Horror review: 1408



Unforgettable haunted-house flicks are extremely hard to come by; the only two I can think of are 1963’s The Haunting and The Shining. The subgenre of haunted-hotel-room flicks is promising in that the number of hotel patrons passing through maximizes the potential for untimely death and subsequent souls in limbo.

More importantly, the hotel-room setting allows guys like John Cusack to study the minibar menu and declare: “Eight bucks for beer nuts? This room is evil!”

In 1408, Cusack plays jaded author Mike Enslin, a specialist in debunking ghostly haunts who sets his cynical sights on Room 1408 (the numbers add up to 13) at Manhattan’s Dolphin Hotel. The upscale establishment is managed by the smooth-talking Gerald Olin (Samuel L. Jackson), who does his oily best to persuade Enslin from occupying the cursed room, where 56 people have died.

“I don’t want you in 1408 because I don’t want to have to clean up the mess,” Olin argues, attempting to sway Enslin with a free upgrade to penthouse digs and an $800 bottle of cognac. But since the stubborn writer doesn’t believe in anything but good liquor, he snarfles the booze and defiantly heads up to the 14th floor to see what all the fuss is about.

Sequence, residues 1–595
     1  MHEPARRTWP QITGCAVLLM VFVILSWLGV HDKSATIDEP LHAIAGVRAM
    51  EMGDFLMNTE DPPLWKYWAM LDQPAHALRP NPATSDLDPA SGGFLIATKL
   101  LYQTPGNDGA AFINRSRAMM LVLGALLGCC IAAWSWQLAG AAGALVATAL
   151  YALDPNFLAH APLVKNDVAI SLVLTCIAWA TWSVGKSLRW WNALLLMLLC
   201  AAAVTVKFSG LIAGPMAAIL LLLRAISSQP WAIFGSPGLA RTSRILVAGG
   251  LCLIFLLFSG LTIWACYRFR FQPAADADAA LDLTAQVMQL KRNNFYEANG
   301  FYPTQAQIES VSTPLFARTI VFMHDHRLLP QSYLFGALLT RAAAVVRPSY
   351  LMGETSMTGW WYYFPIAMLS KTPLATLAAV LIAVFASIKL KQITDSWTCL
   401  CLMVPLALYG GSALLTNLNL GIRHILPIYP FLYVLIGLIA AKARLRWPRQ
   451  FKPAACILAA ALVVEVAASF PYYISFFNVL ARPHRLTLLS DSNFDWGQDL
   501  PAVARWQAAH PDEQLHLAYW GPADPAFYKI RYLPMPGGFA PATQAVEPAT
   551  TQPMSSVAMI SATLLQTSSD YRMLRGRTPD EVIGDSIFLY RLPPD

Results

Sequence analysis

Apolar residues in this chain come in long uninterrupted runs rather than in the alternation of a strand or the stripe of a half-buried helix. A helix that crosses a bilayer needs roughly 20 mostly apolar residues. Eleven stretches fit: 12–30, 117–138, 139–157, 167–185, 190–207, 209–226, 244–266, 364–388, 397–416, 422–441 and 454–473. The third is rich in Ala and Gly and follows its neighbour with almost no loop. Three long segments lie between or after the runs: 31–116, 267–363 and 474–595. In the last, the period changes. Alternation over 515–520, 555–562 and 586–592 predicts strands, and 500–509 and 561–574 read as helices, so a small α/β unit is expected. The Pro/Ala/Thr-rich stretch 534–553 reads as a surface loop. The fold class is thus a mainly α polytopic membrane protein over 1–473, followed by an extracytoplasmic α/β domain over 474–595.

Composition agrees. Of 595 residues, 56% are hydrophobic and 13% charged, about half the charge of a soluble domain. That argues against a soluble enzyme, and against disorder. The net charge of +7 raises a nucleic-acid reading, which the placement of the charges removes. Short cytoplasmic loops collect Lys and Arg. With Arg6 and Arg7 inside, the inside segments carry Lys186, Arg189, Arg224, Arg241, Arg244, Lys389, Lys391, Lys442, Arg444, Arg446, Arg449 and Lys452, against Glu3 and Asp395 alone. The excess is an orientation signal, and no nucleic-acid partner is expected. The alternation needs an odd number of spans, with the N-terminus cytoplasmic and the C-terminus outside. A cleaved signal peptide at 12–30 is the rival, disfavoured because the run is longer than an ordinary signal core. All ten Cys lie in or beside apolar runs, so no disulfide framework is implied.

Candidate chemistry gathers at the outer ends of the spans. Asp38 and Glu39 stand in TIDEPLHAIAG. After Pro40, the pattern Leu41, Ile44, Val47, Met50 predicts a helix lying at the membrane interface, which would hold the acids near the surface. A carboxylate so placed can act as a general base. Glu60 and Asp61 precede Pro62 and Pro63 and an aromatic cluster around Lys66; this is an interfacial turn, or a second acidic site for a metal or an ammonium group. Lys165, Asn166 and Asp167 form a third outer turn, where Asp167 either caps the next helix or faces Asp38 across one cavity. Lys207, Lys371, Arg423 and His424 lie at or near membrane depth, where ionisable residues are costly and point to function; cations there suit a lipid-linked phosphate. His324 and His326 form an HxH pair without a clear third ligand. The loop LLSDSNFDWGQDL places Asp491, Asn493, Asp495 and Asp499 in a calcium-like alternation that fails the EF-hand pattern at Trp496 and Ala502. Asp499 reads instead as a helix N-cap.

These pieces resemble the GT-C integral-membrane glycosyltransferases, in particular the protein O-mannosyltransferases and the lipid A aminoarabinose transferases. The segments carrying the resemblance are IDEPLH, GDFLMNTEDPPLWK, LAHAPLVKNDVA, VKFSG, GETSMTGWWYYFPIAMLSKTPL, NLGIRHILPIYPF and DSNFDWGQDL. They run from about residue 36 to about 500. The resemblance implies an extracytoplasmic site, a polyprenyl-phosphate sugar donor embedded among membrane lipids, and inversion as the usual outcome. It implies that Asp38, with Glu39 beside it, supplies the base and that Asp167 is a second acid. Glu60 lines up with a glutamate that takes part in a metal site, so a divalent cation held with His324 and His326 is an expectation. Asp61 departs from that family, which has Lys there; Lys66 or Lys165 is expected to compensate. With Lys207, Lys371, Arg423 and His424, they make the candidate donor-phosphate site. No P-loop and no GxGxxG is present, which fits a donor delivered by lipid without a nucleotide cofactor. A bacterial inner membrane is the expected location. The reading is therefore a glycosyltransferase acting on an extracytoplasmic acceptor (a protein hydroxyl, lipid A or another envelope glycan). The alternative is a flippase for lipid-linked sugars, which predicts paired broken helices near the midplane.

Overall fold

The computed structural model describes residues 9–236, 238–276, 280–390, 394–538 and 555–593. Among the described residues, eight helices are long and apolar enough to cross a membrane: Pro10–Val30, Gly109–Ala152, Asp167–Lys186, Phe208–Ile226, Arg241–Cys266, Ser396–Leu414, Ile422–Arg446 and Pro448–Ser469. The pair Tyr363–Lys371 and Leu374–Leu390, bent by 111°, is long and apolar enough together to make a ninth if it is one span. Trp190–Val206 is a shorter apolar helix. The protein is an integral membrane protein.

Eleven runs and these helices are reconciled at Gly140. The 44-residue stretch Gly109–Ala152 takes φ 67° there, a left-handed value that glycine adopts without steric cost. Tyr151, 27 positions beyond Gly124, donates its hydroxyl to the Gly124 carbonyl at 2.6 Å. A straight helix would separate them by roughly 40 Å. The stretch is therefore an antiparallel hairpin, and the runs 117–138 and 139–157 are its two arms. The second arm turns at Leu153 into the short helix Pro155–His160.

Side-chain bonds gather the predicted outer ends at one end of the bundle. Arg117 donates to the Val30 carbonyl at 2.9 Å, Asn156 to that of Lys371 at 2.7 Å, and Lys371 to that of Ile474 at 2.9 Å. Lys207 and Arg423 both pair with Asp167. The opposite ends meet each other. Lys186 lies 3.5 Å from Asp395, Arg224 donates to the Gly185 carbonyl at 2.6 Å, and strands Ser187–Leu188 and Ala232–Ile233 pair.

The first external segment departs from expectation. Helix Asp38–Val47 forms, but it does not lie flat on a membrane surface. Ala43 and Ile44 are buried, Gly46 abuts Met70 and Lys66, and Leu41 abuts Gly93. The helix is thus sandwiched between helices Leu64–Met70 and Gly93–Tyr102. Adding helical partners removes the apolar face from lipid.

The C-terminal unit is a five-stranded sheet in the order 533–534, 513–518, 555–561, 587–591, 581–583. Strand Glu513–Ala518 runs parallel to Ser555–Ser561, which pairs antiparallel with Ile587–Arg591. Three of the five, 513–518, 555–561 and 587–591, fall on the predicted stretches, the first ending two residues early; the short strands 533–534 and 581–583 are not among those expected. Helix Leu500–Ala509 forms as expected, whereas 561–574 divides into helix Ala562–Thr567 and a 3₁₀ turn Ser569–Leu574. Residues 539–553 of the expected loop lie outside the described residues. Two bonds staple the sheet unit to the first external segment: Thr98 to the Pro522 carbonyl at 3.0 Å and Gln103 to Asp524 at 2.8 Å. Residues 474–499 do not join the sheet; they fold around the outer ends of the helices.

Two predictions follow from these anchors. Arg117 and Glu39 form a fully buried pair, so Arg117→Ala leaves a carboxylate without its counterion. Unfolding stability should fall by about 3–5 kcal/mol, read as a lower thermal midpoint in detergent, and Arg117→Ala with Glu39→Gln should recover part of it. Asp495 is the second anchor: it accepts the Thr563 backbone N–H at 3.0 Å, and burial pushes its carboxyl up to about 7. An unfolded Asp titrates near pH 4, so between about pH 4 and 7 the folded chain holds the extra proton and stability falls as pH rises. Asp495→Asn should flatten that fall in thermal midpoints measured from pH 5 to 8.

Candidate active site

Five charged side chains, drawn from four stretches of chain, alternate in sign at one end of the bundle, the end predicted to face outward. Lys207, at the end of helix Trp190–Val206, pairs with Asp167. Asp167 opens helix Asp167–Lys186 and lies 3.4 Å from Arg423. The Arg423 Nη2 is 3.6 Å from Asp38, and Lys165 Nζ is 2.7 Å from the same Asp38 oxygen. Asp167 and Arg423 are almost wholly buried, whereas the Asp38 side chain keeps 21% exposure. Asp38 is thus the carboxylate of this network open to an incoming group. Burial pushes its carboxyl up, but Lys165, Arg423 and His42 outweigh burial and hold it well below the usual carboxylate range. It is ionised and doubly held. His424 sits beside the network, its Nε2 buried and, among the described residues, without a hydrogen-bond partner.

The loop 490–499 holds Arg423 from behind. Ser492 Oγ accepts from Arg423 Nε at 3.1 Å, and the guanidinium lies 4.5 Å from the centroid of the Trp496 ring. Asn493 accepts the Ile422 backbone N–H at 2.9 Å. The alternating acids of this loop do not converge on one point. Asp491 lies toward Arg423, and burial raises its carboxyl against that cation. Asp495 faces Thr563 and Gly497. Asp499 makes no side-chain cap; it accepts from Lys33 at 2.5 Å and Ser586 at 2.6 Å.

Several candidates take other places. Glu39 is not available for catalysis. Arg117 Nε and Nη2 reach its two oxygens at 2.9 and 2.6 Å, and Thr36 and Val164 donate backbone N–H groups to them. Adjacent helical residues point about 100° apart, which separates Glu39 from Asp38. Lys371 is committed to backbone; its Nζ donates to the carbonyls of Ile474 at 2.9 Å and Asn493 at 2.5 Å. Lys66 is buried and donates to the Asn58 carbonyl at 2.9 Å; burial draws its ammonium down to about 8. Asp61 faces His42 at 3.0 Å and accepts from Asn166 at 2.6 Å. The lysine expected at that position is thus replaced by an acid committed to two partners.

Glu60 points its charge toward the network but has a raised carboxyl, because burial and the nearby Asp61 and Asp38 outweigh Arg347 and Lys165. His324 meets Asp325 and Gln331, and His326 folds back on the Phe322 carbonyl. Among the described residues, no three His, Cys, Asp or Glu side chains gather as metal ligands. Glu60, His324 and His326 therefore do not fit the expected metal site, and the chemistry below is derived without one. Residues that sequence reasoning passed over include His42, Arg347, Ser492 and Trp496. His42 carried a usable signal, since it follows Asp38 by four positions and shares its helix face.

The tedium of 1408‘s first half-hour quickly fades once Enslin gets trapped in the suite and tormented by everything from scalding tap water to the ghost of a masked slasher. Through well-paced flashbacks, we’re shown exactly how Enslin lost his faith in everything: his only child died at a young age from some godforsaken disease. The film is based on a short story by Stephen King, who, knowing full well what scares people the most, never backs away from exploiting the dead-kid angle.

Derailed director Mikael Håfström effectively counterbalances the scenes of throat-clenching sadness and claustrophobic shocks, which unfurl in a Groundhog Day delirium. But things go overboard when the unbridled effects crew turns Room 1408 into a set from The Poseidon Adventure–and, honestly, who really needs another shot of dirty-looking liquid seeping from cracked walls.

Cusack is convincing as the unravelling writer who, hollowed out by grief, must fight to survive a supernatural ordeal. The success of 1408 rests squarely on his Hawaiian shirt–clad shoulders, and he pulls it off.

The role, that is.

The tacky shirt stays on pretty well the whole time.

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